Founded in 2016, Ceteris Paribus is A student-led economics and finance publication at Davidson College.

Fed Postpones Interest Rate Hike

by Shiv Palit

 

Federal Reserve Chairwoman Janet Yellen. (Photo via CBC)

Federal Reserve Chairwoman Janet Yellen. (Photo via CBC)

After months of public discussion and debate on whether or not the Federal Reserve should raise interest rates, the central bank has finally reached its conclusion. At the end of the two-day meeting that took place this Tuesday and Wednesday, Janet Yellen, the Chairwoman of the Federal Reserve, announced that the central bank has decided to wait for an interest rate increase. While the decision was not unanimous, 14 out of the 17 Fed officials agreed that a hike at the end of the year would be more beneficial and safer than now.

The last time the Fed raised the rates was in December 2015, the first increase in almost 10 years. “Our decision does not reflect a lack of confidence in the economy,” said Yellen. “It’s better to err on the side of caution." William Poole, the former president of the Federal Reserve of St. Louis, agrees with the Fed’s decision, citing that a premature interest rate hike would be detrimental to the economy. Furthermore, although continued low interest rates leave savers in a prolonged drought of low profits, traders benefit from the Fed’s decision as it leaves more room for market activity.

One of the primary motivations for the decision by the Fed is to continue the positive progress that has been occurring in the labor markets. With low interest rates, spending and business investment continues to be high. This keeps aggregate demand high, which subsequently helps employment levels. If interest rates were to rise, we would witness a stagnation in the labor market growth. Furthermore, current inflation rates are relatively low at 1.6%, so there is no urgent need to raise interest rates at the moment. When the labor market growth slows down, the Fed will need to raise interest rates in order to prevent high levels of inflation and economic stagnation. However, until that point, it would be safe to leave interest rates unchanged.

 Apart from long-term benefits to the labor market, the announcement has also positively affected the stock market. Although financial stocks fell after the announcement, almost all of them (looking at you, Wells Fargo) had bounced back by the end of the day. Wall Street closed the day with the DJIA up by 0.9%, S&P 500 up by 1.09%, and NASDAQ up by 1.03%.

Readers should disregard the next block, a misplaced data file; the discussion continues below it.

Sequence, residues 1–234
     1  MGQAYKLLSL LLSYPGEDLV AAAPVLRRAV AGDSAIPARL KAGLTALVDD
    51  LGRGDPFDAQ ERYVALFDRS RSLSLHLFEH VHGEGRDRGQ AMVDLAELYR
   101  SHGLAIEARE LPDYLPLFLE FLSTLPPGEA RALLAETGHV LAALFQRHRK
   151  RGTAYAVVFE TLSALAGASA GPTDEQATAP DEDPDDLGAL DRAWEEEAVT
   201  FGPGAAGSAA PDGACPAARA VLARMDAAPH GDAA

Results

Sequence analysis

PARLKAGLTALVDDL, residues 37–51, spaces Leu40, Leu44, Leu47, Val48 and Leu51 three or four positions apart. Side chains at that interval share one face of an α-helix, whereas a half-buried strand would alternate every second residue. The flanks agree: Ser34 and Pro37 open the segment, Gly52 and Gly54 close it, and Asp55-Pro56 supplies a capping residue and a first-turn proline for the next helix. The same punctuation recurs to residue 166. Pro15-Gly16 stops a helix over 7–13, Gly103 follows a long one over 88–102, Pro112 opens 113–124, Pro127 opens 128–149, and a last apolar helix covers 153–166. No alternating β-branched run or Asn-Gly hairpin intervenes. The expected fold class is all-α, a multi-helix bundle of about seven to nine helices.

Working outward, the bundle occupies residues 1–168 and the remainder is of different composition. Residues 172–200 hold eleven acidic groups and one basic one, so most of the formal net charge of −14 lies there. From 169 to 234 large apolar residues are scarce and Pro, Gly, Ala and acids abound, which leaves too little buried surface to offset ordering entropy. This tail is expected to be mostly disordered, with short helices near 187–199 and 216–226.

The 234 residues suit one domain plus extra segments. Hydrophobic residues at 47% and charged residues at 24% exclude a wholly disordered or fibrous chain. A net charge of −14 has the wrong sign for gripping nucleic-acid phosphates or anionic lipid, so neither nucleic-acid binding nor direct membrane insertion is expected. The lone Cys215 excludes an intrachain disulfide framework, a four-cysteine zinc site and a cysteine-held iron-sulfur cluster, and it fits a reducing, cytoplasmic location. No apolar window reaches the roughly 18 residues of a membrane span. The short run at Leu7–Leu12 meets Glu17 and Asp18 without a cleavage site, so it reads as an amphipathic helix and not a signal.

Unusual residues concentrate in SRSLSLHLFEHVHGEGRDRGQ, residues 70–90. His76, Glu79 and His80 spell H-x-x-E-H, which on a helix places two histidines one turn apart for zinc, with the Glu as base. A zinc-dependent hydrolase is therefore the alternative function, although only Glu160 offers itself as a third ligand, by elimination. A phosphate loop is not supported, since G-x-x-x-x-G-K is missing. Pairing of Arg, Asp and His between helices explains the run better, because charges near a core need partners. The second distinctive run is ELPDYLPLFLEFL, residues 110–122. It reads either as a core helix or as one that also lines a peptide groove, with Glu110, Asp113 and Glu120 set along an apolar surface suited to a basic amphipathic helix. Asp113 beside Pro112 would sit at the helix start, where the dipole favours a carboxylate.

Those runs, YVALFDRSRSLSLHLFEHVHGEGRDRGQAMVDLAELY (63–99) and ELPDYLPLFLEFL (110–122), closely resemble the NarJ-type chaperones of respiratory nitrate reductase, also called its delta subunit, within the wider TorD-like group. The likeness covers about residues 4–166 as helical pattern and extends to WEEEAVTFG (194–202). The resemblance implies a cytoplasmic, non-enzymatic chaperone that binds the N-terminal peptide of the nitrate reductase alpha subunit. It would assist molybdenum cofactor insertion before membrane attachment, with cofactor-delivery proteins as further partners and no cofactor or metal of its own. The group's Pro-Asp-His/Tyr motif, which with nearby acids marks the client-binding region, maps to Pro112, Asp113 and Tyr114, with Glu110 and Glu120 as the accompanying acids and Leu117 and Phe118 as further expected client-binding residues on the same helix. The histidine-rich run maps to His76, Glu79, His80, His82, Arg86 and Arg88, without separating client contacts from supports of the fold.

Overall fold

Although the interest rates will remain unchanged for now, Yellen agreed that it would be appropriate to raise them towards the end of 2016. While many economists are content with the Fed’s decision for now, there will soon be a need to increase interest rates. First, with the steady growth following the recession of the late-2000s, unemployment rates have been brought down to a safe 4.9%. Therefore, an increase in rates will not harm the economy and will result in higher returns for savers. Furthermore, the Fed aims to stabilize inflation rates at 2%, which they currently fall short of by 0.4%. Increasing interest rates will allow them to ensure inflation stability and appreciate the U.S. dollar in the international market, subsequently promoting import consumption. Additionally, with higher interest rates, banks will be more inclined to provide loans out of their reserves, and since credit remains tight at the moment, the lending will trigger additional credit flow, thus boosting economic growth. Last but not least, with increased interest rates, mortgage rates are likely to rise, which would benefit home owners who are hesitant to sell since it would increase housing prices and home equity.

As mentioned earlier, there is speculation that the Fed will need to raise interest rates towards the end of the year. The next policy meeting will occur in November, but many investors have ruled out the possibility of a policy change with the presidential elections being scheduled so close to the meeting. Some speculate that the December meeting will conclude in a rate increase of around 25 basis points. This would be enough time for the Fed to observe the effects on the stock market, labor market, and housing market. An extra three months also gives them more information to work with and therefore, allows more confidence in their decision.

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